Articles on Satellites

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The aftermath of the Brumadinho dam collapse, which took place on January 25, 2019, in Minas Gerais state, Brazil. Vinícius Mendonça/Ibama

Eyes in the sky: How satellites can monitor infrastructure health

Population growth is creating a huge demand for infrastructure, even as environmental risks grow. To detect problems early, satellites can provide rich data to help assess infrastructure "health".
Russian President Vladimir Putin visits a facility to celebrate the anniversary of the 1961 first manned space mission. Space capabilities have changed a bit since then. Alexey Nikolosky / AAP

A guide to ensure everyone plays by the same military rules in space: the Woomera Manual

India, China, the United States and Russia can now precisely target objects in space. But we currently lack appropriate rules and regulations to deal with space weapons.
Perhaps hoping for an election boost, India’s Prime Minister Modi announces that Indian scientists shot down a live satellite at a low-earth orbit. Jaipal Singh / AAP

India destroys its own satellite with a test missile, still says space is for peace

On 27 March, India announced it had successfully conducted an anti-satellite missile test, Mission Shakti. India is now the fourth country in the world displaying this capability.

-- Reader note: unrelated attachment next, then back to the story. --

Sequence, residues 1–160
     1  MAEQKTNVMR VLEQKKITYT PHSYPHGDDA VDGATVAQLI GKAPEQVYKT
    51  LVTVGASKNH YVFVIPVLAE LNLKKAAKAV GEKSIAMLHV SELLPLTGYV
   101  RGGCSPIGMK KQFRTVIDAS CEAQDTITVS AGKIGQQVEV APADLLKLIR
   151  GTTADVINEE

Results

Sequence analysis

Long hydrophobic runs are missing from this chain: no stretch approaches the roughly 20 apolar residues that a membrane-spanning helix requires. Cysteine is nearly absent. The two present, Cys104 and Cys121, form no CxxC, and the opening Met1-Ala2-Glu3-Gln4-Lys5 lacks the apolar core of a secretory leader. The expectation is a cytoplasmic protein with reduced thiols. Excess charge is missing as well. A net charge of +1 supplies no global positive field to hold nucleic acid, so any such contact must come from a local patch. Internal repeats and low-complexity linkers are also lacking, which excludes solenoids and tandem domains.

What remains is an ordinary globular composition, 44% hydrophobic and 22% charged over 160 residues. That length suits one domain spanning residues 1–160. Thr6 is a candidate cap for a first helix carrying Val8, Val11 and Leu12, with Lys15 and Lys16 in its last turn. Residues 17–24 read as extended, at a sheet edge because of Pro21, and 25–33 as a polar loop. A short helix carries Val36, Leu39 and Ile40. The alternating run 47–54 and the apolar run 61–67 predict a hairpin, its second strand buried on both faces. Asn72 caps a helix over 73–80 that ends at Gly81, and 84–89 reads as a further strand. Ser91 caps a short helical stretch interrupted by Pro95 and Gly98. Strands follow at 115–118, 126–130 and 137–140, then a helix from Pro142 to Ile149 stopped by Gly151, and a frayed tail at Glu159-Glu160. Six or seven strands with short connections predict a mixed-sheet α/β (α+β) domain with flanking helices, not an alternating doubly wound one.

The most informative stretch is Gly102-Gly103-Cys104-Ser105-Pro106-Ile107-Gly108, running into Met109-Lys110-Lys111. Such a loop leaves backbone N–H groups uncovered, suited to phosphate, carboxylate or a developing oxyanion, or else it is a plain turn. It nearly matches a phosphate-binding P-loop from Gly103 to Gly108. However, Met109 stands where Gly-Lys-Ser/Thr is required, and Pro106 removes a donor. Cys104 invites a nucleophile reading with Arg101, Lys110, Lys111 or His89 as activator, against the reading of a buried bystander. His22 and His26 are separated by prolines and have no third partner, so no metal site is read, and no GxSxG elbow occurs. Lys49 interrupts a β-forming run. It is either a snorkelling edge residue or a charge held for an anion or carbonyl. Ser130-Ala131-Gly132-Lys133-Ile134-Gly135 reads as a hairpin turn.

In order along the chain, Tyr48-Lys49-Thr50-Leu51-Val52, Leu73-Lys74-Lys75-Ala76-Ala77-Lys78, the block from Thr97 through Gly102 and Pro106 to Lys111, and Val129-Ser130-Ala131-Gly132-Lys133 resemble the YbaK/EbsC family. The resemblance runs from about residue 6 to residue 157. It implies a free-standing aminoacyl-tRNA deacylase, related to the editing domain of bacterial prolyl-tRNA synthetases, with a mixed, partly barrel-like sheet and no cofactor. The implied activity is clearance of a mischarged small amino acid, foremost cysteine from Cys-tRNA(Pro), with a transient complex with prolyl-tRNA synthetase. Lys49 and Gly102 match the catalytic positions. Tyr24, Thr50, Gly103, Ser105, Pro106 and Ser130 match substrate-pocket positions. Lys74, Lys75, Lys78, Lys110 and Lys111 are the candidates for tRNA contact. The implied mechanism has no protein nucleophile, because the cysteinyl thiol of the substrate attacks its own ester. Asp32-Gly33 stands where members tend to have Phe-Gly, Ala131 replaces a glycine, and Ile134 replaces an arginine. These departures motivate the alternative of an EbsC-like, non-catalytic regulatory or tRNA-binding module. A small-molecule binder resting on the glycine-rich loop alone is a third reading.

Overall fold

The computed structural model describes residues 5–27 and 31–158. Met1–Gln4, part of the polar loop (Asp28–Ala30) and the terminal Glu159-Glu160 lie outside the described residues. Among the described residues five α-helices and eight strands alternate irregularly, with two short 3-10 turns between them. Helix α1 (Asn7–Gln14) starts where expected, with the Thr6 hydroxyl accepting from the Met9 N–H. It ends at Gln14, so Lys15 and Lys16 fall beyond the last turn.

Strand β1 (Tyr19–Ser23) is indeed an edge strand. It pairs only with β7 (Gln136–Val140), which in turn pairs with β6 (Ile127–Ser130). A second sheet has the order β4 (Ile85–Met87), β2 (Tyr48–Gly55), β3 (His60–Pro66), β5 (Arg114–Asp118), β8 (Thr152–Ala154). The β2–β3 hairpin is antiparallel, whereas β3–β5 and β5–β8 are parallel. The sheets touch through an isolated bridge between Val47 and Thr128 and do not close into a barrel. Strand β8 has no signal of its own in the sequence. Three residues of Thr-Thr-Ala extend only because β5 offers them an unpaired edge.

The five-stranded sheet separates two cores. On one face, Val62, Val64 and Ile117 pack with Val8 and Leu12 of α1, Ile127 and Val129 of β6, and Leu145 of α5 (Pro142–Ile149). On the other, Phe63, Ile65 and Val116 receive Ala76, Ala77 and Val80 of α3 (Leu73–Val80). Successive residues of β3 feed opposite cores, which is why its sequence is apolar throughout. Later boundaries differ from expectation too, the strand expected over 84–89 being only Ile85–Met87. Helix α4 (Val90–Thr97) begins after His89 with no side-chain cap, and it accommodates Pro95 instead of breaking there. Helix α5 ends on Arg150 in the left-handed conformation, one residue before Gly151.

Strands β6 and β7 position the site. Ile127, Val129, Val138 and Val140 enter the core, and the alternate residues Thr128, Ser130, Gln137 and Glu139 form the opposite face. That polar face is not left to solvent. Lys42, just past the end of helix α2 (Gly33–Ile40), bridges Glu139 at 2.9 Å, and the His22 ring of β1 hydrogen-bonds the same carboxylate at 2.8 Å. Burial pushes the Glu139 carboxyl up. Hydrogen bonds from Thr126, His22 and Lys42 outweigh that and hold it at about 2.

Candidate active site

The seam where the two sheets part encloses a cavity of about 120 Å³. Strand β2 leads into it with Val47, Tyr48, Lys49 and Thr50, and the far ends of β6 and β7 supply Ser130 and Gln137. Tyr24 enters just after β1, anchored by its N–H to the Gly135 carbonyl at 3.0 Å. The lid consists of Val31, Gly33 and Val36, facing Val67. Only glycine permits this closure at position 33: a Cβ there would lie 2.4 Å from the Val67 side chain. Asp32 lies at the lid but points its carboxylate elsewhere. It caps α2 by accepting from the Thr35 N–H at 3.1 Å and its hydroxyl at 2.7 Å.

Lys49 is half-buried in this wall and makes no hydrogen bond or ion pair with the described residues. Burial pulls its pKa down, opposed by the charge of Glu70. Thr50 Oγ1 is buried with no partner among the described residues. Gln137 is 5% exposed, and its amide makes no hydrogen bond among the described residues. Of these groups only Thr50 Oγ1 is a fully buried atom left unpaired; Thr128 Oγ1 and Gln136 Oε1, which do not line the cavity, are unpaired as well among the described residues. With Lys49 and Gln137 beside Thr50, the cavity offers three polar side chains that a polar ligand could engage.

U.S. Vice-President Mike Pence speaks about the creation of a United States Space Force on Aug. 9, 2018 at the Pentagon. (AP Photo/Evan Vucci)

How Canadian technology could protect Space Force troops

Could Canadian technology play a part in the newly announced U.S. Space Force? A team at McMaster University has developed an instrument that could keep Space Force troops safe from radiation.
Aircraft and missiles on display at Woomera, South Australia. Will we launch more rockets from here in the future? from www.shutterstock.com

3, 2, 1…liftoff! The science of launching rockets from Australia

We've launched rockets from Woomera in South Australia, but in reality Australia could support multiple launch sites. And the closer to the equator, typically the better.
The northeast edge of the Venable Ice Shelf, near Antarctica’s Allison Peninsula. NASA/John Sonntag

Short-term changes in Antarctica’s ice shelves are key to predicting their long-term fate

Last summer one of Antarctica's floating ice shelves calved an iceberg the size of Delaware – but scientists say other less dramatic changes reveal more about how and why Antarctica is changing.

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